Paul McCartney witnesses a second air disaster
AIR FARE You wouldn’t blame Paul McCartney if he decided to stop flying. He had been on the runway at New York’s JFK Airport on Sept. 11, waiting to take off, when he says he saw the hijacked planes crash into the World Trade Center 15 miles away. Yesterday, he was aboard a Concorde that landed at JFK just after the crash in a nearby Queens neighborhood of a jetliner that had taken off from JFK minutes earlier. ”I looked out of the left-hand side of the plane and there was smoke all over the place,” he said. ”It was a horrendous and tragic irony trying to raise money for the victims of the last crashes and then something dreadful was happening all over again.” McCartney had returned to the city to give radio interviews promoting his terror-relief benefit single ”Freedom,” and he said he would not be deterred by the latest disaster. ”That is why I wrote ‘Freedom’ and that is why I am going to keep pushing it. I will not stop,” he said. ”We have got to get behind America. We have got to help America.”…
R.E.M. guitarist Peter Buck probably isn’t too eager to fly these days either, but he had to go to London to stand trial for an alleged air-rage incident in April on a flight from Seattle to London. As the trial began yesterday, Buck pleaded not guilty to charges of being drunk aboard the plane, assaulting the crew, and damaging property. The prosecutor, however, described Buck and Robert Whittaker, his tour manager, as behaving like ”naughty children,” claiming that they started drinking shortly after boarding the first-class cabin and becoming hostile when the crew stopped serving alcohol. After Buck’s attempt at bribery failed to procure a 16th glass of wine, the prosecutor said, Buck choked a steward with the man’s own tie, knocked over a food cart, and tore up a yellow card of warning issued by the pilot. He also supposedly got stuck between seats and covered himself and a flight attendant with yogurt. The trial continues Thursday.
REEL DEALS There will soon be one more pretty face before the camera in North Carolina, and it’s not those ”Dawson’s Creek” kids. Producer Sydney Pollack confirmed yesterday that Tom Cruise will star in ”Cold Mountain,” the adaptation of Charles Frazier‘s best-selling Civil War novel. The project marks Pollack’s third feature with Cruise; he directed Cruise in ”The Firm” and acted alongside him in ”Eyes Wide Shut.” This time, Anthony Minghella (”The English Patient”) will direct. Pollack said his crew is scouting locations in North Carolina and Canada for a June shoot (pushed back from February). It’s not clear if busy Renee Zellweger, who’d been in talks to play the female lead, will reunite with her ”Jerry Maguire” costar….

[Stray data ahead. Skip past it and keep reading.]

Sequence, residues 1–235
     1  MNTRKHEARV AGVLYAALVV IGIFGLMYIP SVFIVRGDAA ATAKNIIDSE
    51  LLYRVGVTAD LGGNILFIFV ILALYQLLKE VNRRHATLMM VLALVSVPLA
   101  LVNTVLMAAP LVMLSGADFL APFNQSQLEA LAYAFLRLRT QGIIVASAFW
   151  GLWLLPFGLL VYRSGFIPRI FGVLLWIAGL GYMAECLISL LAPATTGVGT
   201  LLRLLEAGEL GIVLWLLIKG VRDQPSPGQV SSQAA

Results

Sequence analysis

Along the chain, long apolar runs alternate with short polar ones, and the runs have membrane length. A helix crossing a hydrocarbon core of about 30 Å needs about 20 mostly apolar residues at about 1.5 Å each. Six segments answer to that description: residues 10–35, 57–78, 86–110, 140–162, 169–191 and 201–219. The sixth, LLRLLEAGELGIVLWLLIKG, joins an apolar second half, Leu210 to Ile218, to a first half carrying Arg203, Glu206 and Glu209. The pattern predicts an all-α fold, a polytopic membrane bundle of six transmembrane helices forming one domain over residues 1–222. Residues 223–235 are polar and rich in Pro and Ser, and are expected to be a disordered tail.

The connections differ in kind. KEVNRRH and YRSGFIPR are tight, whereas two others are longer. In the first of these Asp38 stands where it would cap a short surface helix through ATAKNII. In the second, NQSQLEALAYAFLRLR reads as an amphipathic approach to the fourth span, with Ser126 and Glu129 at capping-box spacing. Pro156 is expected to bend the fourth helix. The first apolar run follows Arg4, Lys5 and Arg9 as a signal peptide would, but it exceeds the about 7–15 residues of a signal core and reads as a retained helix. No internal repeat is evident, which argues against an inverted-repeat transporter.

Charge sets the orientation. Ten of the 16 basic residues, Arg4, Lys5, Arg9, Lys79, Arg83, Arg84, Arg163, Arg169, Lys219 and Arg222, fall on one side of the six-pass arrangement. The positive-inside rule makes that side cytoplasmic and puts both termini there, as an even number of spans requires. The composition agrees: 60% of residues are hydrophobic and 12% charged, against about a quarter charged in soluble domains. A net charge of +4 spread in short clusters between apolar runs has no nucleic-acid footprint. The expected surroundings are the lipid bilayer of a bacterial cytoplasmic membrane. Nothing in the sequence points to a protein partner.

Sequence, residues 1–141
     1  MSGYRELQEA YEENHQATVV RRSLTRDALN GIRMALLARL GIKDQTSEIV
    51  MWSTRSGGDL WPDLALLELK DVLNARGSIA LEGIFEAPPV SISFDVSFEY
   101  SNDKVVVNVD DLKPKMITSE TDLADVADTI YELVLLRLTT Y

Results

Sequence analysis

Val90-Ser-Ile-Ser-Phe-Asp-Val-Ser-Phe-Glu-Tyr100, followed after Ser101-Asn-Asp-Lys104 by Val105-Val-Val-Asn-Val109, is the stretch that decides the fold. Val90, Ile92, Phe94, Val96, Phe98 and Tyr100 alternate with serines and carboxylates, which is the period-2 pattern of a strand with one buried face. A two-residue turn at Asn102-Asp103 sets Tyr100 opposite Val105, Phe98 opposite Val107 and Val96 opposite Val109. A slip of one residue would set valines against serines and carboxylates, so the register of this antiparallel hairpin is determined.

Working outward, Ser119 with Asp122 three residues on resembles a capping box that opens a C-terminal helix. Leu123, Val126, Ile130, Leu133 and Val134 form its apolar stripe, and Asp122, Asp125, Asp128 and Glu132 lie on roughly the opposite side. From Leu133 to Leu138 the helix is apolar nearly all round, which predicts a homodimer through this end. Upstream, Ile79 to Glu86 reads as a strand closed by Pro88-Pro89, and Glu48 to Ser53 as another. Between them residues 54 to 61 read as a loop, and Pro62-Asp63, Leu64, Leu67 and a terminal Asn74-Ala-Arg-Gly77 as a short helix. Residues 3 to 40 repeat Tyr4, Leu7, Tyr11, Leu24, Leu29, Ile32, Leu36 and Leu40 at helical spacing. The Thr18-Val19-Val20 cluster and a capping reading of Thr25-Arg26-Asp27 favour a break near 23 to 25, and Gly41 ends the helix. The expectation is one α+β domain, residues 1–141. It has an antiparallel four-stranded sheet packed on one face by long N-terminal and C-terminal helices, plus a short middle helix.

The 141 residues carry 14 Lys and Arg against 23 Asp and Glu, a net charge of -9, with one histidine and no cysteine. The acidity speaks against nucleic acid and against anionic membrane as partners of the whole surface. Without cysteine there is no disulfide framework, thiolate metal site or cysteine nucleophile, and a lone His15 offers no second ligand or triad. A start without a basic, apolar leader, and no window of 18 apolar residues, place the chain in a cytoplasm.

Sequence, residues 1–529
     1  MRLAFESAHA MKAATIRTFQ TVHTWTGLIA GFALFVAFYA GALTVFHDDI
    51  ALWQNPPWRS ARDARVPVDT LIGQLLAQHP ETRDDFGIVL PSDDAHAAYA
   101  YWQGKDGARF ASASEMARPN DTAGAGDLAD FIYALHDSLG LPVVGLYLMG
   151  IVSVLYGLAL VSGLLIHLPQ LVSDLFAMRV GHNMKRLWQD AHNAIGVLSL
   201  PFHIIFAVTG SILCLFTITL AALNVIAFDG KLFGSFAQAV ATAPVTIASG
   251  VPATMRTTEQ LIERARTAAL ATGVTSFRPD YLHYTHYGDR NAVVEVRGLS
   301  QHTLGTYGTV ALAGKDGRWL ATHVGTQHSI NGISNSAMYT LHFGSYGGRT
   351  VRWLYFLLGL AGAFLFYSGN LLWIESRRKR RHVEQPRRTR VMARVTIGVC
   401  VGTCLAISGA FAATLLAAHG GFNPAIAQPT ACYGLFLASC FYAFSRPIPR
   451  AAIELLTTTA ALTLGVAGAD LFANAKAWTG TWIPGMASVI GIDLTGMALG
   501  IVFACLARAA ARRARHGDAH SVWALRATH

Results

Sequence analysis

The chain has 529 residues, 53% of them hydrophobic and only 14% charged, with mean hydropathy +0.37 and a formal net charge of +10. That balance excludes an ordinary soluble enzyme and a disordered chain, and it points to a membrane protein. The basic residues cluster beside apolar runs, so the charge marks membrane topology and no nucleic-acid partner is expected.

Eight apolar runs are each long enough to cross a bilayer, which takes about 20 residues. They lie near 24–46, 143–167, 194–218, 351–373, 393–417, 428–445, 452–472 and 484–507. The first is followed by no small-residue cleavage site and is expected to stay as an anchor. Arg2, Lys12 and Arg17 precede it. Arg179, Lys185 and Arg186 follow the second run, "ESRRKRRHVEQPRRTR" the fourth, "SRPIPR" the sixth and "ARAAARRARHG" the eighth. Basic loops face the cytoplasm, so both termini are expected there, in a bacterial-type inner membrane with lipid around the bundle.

Wouldn’t it be great if we could just send Rambo over to Afghanistan to kick some Tali-butt and capture Osama bin Laden? London’s Sunday Times claimed that 55-year-old Sylvester Stallone was writing a fourth installment of the series in which his character would do just that. (In the third installment, back in 1988, Rambo did go to Afghanistan, fighting the Soviets alongside the U.S.-trained forces we are now fighting against.) Stallone’s publicist, however, says that the report is false. ”Sylvester Stallone has an idea for a new Rambo movie,” the spokesman said. ”But he hasn’t written it yet.” The current holders of the franchise rights, who’ve said they’d love to do a fourth film, are Miramax, of all people. Guess that means Stallone had better write a part for Gwyneth Paltrow….
It’ll be three generations of Douglases on screen, as Michael Douglas prepares to work with father Kirk for the first time (and possibly with son Cameron) in ”Smack in the Puss.” The story is a dysfunctional family comedy about three generations of New Yorkers. ”A lot of this came out of September 11, which has made everyone question their life priorities,” Michael Douglas told Variety. ”I realized this [screenplay] offered the perfect chance to finally do a picture with my father… Dad and I could never decide on one to do together before, though we came close a couple of times. He is pretty picky and so am I. We’ve found a lovely script that’s not simply us venting our demons.” The writer is rising scenarist Jesse Witugow, who has also adapted Arthur Miller‘s play ”The Ride Down Mount Morgan” as a film for Michael Douglas to star in, and who has also written ”Seared” for director David Fincher and doctored the script for Eminem‘s autobiographical film. The Douglases hope to begin shooting ”Smack” in February. Fred Schepisi (”Roxanne,” ”Fierce Creatures”) is in talks to direct.
”Double Take” star Orlando Jones is in talks to star in ”Drumline,” a fish-out-of-water comedy about a Harlem street drummer in a marching band at a black Southern college. Jones would play the band’s musical director. Shooting begins next month in Atlanta.